Once I'm done, I will take a proper photo with 4 lights and a polarizing filter, and you'll see how even the surface actually is. These process photos invariably look poor due to specular highlights and uneven gloss/depth of tones. An example of this difference is shown here.

Tuesday, July 6, 2010

getting into the details

Now that I'm into the second layer of paint, its looking more solid and the values are becoming convincing. I've blocked in the feather and leaves on the right and turned the flowers on the book so they are grouped with no space in between to lessen the random spotting of light shapes.
The foilage behind the skull has been added to a bit, but it's still looking somewhat random. I'll likely get rid of the leaf sticking out of the center of the skull at the very least.

Sunday, July 4, 2010

Raccoon Skull: second sitting

Using large brushes, my aim for this stage is to fill up all the white canvas with a close approximation of the major tones. Due to the properties of oil being not totally opaque, this lay-in stage sets me up for the details to come. I still need to address the right side with another element.

I am tilting the canvas slightly forward to reduce the glare for the photo.

Friday, July 2, 2010

Memento mori: Raccoon skull

In a couple of weeks there is a local street sale, the "whyte Avenue Artwalk", which I will be (hopefully!) selling at. I thought I would whip up a few more still lifes to bolster my stock of sellable works.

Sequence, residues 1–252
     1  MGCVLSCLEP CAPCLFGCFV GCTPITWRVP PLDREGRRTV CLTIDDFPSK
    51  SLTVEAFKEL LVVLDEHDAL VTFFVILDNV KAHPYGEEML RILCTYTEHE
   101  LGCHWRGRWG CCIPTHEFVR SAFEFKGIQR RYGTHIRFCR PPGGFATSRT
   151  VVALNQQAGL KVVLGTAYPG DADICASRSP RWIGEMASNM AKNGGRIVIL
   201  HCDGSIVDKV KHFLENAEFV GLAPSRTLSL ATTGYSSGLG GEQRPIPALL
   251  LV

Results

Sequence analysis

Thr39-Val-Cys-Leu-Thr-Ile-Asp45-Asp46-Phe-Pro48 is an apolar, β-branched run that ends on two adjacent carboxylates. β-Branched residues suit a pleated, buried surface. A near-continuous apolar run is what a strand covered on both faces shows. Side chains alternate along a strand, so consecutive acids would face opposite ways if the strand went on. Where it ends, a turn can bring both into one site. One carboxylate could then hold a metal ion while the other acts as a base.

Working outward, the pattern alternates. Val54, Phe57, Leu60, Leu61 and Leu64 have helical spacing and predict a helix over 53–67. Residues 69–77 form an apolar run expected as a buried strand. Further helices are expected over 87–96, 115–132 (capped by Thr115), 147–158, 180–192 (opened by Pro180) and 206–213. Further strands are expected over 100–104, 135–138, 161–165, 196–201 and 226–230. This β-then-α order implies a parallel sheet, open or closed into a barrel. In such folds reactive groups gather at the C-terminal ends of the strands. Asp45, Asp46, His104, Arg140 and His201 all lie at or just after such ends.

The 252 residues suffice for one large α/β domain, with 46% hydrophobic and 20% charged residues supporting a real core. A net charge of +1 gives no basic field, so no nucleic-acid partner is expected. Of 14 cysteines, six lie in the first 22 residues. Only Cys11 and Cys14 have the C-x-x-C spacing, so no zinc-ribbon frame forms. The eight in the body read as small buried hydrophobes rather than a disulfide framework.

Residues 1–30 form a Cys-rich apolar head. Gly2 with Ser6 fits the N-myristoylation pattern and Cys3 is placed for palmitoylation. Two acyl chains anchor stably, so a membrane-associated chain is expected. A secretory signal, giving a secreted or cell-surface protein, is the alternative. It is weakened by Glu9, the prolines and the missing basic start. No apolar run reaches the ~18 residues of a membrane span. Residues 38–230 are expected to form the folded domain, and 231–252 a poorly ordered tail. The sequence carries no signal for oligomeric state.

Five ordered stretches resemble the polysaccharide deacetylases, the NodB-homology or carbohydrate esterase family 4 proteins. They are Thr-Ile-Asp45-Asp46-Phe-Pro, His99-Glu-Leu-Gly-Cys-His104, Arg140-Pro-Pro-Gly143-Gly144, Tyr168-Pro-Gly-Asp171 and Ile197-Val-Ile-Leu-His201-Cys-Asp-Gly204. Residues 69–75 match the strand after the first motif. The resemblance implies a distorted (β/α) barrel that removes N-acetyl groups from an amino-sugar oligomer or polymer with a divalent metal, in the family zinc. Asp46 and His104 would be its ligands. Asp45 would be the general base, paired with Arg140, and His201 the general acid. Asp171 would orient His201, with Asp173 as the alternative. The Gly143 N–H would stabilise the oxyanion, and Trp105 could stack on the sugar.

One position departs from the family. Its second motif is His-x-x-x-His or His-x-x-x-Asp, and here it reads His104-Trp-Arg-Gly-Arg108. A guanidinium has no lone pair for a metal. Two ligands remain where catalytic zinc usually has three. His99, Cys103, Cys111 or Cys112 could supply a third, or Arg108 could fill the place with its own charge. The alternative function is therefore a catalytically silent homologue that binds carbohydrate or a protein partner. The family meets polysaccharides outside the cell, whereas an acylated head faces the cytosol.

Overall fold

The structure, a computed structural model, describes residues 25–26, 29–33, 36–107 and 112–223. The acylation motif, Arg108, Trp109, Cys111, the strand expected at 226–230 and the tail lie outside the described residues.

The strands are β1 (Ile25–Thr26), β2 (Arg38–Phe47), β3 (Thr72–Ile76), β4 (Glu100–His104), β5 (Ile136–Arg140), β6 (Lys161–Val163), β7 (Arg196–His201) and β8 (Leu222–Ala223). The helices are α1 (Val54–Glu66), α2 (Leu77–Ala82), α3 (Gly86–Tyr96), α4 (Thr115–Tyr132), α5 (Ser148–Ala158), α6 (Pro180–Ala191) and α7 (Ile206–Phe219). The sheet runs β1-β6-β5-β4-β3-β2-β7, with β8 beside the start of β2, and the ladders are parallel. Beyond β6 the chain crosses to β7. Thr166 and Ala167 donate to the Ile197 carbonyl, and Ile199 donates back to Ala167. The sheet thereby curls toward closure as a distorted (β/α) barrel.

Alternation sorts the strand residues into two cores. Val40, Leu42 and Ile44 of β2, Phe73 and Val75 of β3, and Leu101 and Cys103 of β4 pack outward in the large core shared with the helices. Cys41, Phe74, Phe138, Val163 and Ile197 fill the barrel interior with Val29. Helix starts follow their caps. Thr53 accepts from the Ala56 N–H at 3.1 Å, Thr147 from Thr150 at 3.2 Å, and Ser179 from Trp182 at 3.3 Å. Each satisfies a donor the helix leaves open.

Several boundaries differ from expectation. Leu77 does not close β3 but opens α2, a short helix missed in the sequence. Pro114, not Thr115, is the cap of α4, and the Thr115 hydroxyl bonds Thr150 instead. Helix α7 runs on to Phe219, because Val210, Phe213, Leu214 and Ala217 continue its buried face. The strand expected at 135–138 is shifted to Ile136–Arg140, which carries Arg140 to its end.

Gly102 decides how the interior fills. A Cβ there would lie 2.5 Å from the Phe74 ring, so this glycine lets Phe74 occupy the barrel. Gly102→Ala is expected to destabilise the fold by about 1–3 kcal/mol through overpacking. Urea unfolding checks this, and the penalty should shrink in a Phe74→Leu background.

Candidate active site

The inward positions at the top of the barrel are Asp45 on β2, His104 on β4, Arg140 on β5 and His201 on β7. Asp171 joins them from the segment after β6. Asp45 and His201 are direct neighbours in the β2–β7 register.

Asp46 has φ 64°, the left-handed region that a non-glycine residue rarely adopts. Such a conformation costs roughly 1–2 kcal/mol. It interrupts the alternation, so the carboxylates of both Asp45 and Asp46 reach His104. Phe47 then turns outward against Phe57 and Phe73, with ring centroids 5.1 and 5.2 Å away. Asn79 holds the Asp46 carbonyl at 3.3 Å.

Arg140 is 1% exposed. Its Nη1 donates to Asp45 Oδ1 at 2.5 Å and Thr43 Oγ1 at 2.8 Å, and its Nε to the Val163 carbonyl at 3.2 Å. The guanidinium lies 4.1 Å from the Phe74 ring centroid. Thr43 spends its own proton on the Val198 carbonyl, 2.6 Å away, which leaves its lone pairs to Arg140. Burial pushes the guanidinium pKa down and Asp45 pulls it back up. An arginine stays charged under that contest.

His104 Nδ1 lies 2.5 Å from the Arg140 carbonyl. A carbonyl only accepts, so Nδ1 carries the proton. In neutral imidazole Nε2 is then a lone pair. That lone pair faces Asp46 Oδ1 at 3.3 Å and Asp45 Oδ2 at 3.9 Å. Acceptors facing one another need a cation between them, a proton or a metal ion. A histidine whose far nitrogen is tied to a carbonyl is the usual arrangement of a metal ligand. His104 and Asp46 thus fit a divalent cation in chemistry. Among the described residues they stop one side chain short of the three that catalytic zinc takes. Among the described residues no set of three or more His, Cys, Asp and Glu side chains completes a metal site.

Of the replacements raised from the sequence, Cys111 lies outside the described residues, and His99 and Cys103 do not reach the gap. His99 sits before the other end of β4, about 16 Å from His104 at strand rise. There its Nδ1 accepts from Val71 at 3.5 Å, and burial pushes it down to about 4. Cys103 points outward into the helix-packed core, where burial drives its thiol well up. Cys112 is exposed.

Here is session one from last night: sketch in raw umber. I placed the scene a tad too much to the left, so I will likely add some rosary beads or something to fill the right hand empty space.

Sunday, June 27, 2010

NYC and IMC pt.3

I've been back from my trip for a week now, and the whole thing seems like a distant memory. Blogging long after the fact, I'll just do my best to recount the experience...

Arriving in Amherst, I had the impression this was a special place to host the class. The campus of Amherst college seems like an education-based themepark with manicured grounds and immaculate period buildings.

Dormitory building...

Checking into the dorm, I picked up my keys and nametag. Glancing at the other nametags waiting to be claimed I recognized many of the names of the other students, and immediately had the feeling that the talent level of the students was going to be quite high. I was expecting only a handful of other professionals, but there were perhaps 25% professional fantasy illustrators and 50% returning students out of 85 attendees. The IMC is now on the radar for serious aspiring illustrators, and rightly so.

Studio building...

Inside one of the studios...

The first day was art school deja vu. After settling into 2 different studios, we posted our sketches up for a day-long critique session. Preparations ranged from thumbnails to completed paintings. The instructors assigned to each studio went through their criticism and suggestions for each sketch. The next day or so was a battle to decide what improvements we had the capacity or inclination to address and to make necessary changes. Many students had full computer/printer setups in their dorm rooms which helped them to adjust their images and facilitate planning. Without a computer, and after spending 2 hours waiting for a photocopy at the print shop, I made the decision to not fight my lack of tools and to just have fun with my project.